Lola Ya Bonobo, or "Bonobo Paradise" in the Lingala language, is an 86-acre sanctuary set in verdant hills 20 miles south of Kinshasa, Democratic Republic of the Congo. Founded by Claudine André, a Belgian woman raised in the Congo, it's home to 52 bonobos, from infants to adults, most of them orphaned when their mothers were slaughtered for bushmeat.
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One of André's favorites is a five-year-old once kept in a basket by a medicine man. He chopped off one of the bonobo's finger joints every so often, and it is missing much of one hand. "Congolese believe that if you put a bonobo bone into a child's first bath, the child will grow up strong," André tells me. "He even chopped off the tip of the bonobo's penis to use in rituals."
The sanctuary allowed me to observe bonobo behavior up close, although I recognize that these are traumatized animals living in an artificial environment.
At one of the enclosures, eight bonobos grip their night-cage bars and stare greedily as attendants pile their breakfast outside—papaya, lettuce, sugar cane, pineapple and other fruits. Let loose from the shelters they stay in overnight, they immediately launch into frenzied sex, with even youngsters joining in, the air shaken by their excited screams. Then they settle in a circle around the food and eat. "Bonobos use sex to deflate tension. Competition for the best food could cause a fight, so they defuse it by having sex first," André says.
I saw another side of bonobo sexuality that sets them apart from the other great apes (gorillas, orangutans and chimps). Tshilomba, a 22-year-old female, had been rescued two years earlier after spending 18 years confined in a cage in a Kinshasa biological laboratory. She allows her favorite, Api, a juvenile male, to mount her and simulate sex. She looks the other way when the alpha male, Makali, clearly indicates that he too wants to mate with her. She lies on her side, swollen bottom pointed provocatively at him, and stares with seemingly studied indifference into space. Makali sits by her side waiting for an invitation and, when it doesn't come, wanders away. "With chimps and gorillas, an alpha male would have had sex with the female whether she wanted to or not," says André.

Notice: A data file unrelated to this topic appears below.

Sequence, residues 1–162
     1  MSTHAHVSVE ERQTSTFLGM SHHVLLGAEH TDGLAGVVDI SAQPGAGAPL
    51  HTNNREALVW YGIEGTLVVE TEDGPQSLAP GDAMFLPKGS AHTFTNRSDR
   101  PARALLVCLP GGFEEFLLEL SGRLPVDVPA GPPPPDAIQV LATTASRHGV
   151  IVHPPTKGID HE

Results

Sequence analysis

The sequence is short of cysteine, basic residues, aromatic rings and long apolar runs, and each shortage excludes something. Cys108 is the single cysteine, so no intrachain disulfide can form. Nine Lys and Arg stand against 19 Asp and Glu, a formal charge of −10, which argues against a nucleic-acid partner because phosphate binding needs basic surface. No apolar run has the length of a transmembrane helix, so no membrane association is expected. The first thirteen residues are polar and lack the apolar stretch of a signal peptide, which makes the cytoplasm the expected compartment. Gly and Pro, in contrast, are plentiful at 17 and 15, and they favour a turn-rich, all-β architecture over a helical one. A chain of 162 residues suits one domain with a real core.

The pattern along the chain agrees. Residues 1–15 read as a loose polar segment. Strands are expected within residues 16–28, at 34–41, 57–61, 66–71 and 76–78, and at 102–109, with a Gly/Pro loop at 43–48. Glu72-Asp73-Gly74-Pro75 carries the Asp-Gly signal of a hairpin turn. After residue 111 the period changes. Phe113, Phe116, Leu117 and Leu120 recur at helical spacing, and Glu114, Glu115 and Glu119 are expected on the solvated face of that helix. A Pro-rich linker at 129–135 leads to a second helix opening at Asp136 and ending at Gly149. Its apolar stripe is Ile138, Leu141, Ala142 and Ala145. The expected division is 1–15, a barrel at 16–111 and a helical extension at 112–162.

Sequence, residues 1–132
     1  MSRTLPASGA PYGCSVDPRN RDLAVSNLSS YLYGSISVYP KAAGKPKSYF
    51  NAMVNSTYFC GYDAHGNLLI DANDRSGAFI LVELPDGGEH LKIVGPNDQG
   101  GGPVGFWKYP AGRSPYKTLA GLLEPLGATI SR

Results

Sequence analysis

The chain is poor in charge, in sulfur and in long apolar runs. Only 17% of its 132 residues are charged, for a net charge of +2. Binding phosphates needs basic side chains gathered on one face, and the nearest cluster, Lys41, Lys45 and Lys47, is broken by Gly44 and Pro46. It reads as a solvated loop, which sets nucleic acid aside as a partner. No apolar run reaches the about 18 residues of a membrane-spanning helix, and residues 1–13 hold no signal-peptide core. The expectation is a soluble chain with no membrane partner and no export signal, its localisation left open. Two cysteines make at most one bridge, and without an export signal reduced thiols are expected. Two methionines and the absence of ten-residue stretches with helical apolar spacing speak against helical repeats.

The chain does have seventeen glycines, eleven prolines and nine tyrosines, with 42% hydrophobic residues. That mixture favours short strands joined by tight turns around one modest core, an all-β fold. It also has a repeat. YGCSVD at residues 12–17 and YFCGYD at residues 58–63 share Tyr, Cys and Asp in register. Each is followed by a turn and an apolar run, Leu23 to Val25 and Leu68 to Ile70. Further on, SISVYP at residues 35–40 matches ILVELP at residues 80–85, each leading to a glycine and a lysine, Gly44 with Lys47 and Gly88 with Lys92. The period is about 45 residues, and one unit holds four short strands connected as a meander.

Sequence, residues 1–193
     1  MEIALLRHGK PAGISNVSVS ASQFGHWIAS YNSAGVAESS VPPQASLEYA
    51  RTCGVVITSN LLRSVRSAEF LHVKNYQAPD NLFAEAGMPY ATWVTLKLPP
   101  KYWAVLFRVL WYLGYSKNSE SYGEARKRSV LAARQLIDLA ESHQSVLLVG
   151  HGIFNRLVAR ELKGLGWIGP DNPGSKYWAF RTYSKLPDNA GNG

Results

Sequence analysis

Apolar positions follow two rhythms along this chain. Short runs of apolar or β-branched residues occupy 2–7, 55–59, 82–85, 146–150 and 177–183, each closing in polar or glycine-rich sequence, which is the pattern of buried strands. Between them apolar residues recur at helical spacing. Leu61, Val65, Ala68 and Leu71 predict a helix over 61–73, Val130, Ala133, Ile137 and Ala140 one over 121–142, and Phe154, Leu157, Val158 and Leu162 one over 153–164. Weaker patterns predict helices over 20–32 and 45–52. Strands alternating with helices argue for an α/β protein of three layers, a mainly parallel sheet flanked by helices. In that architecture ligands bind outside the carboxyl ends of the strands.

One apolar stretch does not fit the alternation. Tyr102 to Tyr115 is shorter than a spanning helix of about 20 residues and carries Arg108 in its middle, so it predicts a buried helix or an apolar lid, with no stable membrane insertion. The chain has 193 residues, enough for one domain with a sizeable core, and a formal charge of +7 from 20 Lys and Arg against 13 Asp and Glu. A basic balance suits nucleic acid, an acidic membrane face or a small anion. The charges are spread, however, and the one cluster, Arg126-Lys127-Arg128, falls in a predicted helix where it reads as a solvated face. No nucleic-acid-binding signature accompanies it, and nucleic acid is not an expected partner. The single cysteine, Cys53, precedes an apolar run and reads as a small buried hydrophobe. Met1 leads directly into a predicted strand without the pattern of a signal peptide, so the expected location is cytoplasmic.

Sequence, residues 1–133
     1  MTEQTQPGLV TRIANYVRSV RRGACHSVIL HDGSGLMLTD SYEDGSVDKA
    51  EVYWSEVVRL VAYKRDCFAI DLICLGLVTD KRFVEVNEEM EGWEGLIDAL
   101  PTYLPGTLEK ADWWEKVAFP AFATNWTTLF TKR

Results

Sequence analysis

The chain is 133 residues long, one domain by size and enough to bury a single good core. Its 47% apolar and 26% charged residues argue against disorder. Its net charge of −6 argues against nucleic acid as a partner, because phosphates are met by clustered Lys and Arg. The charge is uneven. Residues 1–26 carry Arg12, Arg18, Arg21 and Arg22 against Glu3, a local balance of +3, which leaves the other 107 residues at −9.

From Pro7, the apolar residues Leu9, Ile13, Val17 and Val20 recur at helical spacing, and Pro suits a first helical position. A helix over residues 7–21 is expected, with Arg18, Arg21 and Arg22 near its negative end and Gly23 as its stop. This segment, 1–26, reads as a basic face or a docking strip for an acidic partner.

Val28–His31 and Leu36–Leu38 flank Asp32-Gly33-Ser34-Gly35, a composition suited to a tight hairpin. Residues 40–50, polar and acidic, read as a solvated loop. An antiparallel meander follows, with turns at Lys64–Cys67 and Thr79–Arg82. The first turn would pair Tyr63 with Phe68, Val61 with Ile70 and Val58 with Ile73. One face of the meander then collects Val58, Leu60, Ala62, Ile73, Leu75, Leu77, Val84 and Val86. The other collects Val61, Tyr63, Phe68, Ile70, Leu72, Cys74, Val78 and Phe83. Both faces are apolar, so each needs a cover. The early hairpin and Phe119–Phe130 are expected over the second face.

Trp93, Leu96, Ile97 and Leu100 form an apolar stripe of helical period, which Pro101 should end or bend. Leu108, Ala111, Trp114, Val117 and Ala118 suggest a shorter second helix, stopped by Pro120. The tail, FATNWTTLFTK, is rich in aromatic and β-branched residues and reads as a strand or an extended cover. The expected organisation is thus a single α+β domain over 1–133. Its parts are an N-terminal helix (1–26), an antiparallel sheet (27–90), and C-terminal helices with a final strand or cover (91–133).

But at Lola Ya Bonobo I also got my best glimpse of bonobo male aggressiveness. At the open-air nursery, a pair of three-year-old males launched repeated attacks on me through the enclosure fence. I stood close enough that they were able to punch me in the stomach, back and face. When I approached an enclosure holding a burly adult male, he dragged a tree bough noisily along the ground at high speed and slammed it into the fence in front of me in a power display. A Congolese researcher named Mola Ihomi had told me that male bonobos in the wild do the same thing when flaunting their power at males from another troop. "I never let male attendants into the enclosures because the male bonobos would attack them," André says.
André and Dominique Morel, who is in charge of fundraising for the sanctuary, are working with the Ministry of the Environment to reintroduce some bonobos into the Lomako forest, but many of the animals have been living in captivity for so long that they might not survive in the wild. André and Morel hope that the bonobos that remain in the sanctuary will serve an important educational function. "By getting people, especially children, to observe bonobos play, they get to love and respect them," says Morel. "We know these visitors will never again eat ape meat."